December 16, 2016Infra · Connectivity · Research

Reviewing Aquila's first full-scale test flight

Yael MaguireMartin Luis Gomez

In July we shared our initial results from the first successful test flight of Aquila, Facebook's high-altitude solar-powered aircraft. Our goals for this test flight were to conduct a successful take-off, validate performance models throughout the flight, and test the aerodynamic and experimental nature of the aircraft. As we originally noted, we flew the aircraft for 90 minutes in the test flight, three times longer than originally planned, and obtained a wealth of useful data from the flight on numerous aspects of Aquila's performance.

Aquila is designed to stay aloft for 60 to 90 days and doesn't have traditional landing gear. The aircraft lands on skids on the bottom of the motor pods, with simple foam bumpers to prevent the motors and propellers from digging in, which is why we expect some damage to the aircraft upon landing. However, we also experienced a structural failure just seconds before the landing that resulted in additional damage to the right wing. As is normal in circumstances like these, we reported this damage to the National Transportation Safety Board (NTSB) for review. The protocol associated with NTSB reviews prevented us from sharing any details on the review or cause of the structural failure until the review was complete — but the NTSB just published their report, so we can now share more details on this aspect of our first test flight.

Our data show that the aircraft flew into higher-than-expected wind conditions as it descended in the final seconds of the flight. About five seconds before the structural failure, those conditions lofted the aircraft above the glidepath. The autopilot responded by lowering the nose of the aircraft to correct the trajectory, which increased the airspeed above the normal 25 miles per hour. As the aircraft descended back onto the glidepath, the autopilot started to deflect the elevons upwards. The combination of high airspeed and up elevon caused more bending and torsion than the structure could tolerate, resulting in a downward deformation and failure of the right wing. At the time of the failure, the aircraft was seconds away from landing, less than 20 feet above the ground and moving less than 30 miles per hour.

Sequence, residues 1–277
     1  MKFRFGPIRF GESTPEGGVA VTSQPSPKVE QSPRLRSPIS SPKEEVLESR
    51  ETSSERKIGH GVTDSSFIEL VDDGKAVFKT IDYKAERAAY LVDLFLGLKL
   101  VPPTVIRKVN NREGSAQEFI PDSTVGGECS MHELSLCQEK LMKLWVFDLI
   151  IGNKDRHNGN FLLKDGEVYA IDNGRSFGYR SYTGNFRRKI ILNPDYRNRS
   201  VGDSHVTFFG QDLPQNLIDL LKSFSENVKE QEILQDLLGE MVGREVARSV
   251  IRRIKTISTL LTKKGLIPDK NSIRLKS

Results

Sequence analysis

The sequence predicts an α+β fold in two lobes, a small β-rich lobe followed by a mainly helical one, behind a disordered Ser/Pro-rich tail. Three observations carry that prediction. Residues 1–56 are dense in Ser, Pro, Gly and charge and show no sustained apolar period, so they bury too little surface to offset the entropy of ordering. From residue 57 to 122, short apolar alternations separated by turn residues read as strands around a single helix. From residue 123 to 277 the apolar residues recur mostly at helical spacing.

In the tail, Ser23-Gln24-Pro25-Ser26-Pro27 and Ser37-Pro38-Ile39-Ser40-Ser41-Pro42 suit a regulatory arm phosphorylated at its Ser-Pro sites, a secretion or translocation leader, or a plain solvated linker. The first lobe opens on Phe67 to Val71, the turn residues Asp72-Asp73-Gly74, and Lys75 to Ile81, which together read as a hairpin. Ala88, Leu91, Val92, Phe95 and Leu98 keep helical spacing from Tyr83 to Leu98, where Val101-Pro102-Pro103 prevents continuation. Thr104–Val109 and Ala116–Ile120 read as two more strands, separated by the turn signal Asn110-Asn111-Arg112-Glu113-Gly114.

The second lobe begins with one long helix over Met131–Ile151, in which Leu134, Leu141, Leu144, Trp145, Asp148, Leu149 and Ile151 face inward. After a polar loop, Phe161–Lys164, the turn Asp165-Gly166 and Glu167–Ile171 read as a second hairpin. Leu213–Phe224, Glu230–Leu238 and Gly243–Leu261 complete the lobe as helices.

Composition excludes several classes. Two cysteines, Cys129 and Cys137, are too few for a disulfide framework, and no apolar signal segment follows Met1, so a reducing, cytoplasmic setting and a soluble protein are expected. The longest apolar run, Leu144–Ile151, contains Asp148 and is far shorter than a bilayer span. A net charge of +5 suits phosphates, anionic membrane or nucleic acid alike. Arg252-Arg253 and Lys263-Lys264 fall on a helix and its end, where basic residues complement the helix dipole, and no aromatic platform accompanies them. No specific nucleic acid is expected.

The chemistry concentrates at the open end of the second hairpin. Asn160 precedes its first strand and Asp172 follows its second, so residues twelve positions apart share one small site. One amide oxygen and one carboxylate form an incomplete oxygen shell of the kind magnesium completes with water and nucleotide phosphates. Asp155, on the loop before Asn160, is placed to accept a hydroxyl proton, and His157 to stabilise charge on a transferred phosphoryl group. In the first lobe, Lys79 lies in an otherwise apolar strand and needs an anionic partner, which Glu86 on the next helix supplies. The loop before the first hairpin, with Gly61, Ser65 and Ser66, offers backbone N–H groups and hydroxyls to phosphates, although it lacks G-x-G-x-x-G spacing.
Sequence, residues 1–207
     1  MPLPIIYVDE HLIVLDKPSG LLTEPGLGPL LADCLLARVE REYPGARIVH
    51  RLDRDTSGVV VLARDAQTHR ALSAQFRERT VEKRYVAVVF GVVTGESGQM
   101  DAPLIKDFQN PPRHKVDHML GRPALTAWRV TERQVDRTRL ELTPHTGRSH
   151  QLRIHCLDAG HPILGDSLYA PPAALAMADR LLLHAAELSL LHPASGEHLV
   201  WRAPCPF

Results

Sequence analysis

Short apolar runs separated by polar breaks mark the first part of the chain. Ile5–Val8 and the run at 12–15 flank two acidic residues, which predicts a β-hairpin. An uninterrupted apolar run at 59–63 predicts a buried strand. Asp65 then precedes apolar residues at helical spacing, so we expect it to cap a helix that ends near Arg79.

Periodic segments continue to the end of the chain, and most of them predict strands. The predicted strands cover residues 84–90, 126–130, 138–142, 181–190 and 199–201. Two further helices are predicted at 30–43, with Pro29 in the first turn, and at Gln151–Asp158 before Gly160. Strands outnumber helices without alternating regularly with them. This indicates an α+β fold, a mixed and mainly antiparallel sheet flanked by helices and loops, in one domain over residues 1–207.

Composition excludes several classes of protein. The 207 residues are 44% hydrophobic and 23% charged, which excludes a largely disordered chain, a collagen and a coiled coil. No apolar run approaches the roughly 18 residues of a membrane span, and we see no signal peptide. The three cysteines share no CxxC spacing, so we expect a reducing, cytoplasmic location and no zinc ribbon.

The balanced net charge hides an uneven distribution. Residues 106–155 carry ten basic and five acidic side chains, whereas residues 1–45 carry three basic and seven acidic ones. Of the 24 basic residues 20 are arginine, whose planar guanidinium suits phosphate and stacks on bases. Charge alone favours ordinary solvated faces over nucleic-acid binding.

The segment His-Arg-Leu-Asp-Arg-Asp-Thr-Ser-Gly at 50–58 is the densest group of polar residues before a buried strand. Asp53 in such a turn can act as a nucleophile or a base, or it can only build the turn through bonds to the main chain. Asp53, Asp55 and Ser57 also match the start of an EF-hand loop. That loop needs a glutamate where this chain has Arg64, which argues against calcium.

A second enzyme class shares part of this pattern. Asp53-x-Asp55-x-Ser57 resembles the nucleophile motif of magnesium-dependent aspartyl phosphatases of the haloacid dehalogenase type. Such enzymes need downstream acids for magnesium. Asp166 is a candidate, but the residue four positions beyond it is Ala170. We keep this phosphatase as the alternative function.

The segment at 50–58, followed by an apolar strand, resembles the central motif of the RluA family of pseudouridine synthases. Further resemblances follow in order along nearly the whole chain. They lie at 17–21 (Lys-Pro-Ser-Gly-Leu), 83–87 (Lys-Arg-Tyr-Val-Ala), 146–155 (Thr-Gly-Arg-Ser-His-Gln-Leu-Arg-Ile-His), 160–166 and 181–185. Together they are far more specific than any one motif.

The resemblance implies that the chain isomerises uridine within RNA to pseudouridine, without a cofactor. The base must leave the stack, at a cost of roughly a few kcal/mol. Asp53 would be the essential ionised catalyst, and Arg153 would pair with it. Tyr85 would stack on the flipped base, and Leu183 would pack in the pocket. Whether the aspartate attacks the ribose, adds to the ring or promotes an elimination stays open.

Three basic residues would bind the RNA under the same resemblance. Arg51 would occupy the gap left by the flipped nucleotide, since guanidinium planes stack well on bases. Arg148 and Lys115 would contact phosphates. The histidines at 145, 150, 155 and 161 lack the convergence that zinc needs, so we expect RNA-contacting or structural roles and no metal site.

Lessons learned

As noted in the NTSB report, a contributing factor to the structural failure was an insufficient amount of drag to descend steeply after the gust lofted the aircraft above the glidepath. The autopilot was unable to track both the airspeed and glidepath simultaneously, and gave too much priority to tracking the glidepath at the expense of not limiting the airspeed.

We learned a lot from this test flight and are already working to incorporate fixes into future designs and flight testing:

  1. Future Aquila airframes will incorporate a drag device such as a spoiler or airbrake that the autopilot can use to steepen the descent without increasing airspeed.
  2. In future flights, we will command the autopilot to give priority to keeping the airspeed under the limit, sacrificing altitude tracking if required. This could mean a less accurate landing, or a go around if the airplane deviates too far above the glidepath.

Next steps

We are already designing and building second-generation aircraft with new features added as a result of our learnings, and are eager to fly again. Each successive test flight will bring both expected and unexpected technical challenges, and will teach us more about how to fly this experimental aircraft. We intend to push the plane to its limits so we can learn more, learn faster, and reach our ultimate goal of connecting people sooner.

Providing connectivity with solar-powered aircraft is something that hasn't been done before, and there are still a lot of hard science and engineering problems to solve. This is a hard, years-long challenge, and things will break along the way — that's the nature of engineering. Our results from the first test flight have solidified our confidence in the Aquila program and what we can potentially achieve with this technology. As long as we continue to learn, the sky is the limit.

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